Iron Tears

Rebellion in America, 1775-1783
Author: Stanley Weintraub
Publisher: N.A
ISBN: 9780743219921
Category: Great Britain
Page: 375
View: 2689
America fought to gain independence from British colonial power between 1763 and 1783. It wasn't just a battle won by American revolutionaries. It was also lost by the British. Combining fascinating scenes of dissent in domestic British politics with graphic descriptions of the war in America, Weintraub's narrative is a page-turning story of military and political misfortune. As George Washington managed to hold his ragged and overmatched Continental army together and create a nation, his opponents -- principally King George III and his prime minister, Lord North -- themselves faced increasing resistance to the war's brutality and costs. Their opponents in Parliament and the press gradually turned pacifist and sympathetic to the Americans, and were unwilling to bear the costs of the Empire in America. As the tide turned on the battlefield, the 'iron tears' of muskets and cannon shed by the redcoats were matched by tearful protests in London. Although King George threatened to abdicate in frustration, many British merchants, voters, and politicians supported the cause of the new American nation, and were inspired by the leadership of Washington. Stanley Weintraub's masterful and eye-opening new history of the American War of Independence is the first ever written from a trans-Atlantic perspective.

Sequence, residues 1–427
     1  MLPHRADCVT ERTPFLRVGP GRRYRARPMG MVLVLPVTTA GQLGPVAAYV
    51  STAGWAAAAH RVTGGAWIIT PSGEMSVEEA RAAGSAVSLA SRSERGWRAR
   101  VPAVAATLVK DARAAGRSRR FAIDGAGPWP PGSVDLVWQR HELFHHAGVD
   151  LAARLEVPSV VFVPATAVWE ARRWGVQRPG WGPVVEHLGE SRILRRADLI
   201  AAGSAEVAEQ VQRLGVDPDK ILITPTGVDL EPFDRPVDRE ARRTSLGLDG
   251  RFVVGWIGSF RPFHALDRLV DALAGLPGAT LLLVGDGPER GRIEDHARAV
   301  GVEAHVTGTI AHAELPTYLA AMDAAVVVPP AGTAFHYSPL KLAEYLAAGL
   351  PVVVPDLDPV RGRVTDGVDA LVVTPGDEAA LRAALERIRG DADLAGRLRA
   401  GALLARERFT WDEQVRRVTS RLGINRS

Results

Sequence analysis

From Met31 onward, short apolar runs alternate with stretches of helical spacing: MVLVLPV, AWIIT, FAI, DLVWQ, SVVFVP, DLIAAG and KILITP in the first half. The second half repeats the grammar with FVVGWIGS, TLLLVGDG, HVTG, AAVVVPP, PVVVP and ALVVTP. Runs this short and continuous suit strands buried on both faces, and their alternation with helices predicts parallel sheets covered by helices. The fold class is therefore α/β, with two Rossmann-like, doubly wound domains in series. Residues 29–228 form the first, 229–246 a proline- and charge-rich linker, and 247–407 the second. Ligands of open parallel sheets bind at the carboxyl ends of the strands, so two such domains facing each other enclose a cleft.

George Washington's Secret Six

The Spy Ring That Saved the American Revolution
Author: Brian Kilmeade,Don Yaeger
Publisher: Penguin
ISBN: 0143130609
Category: History
Page: 320
View: 1853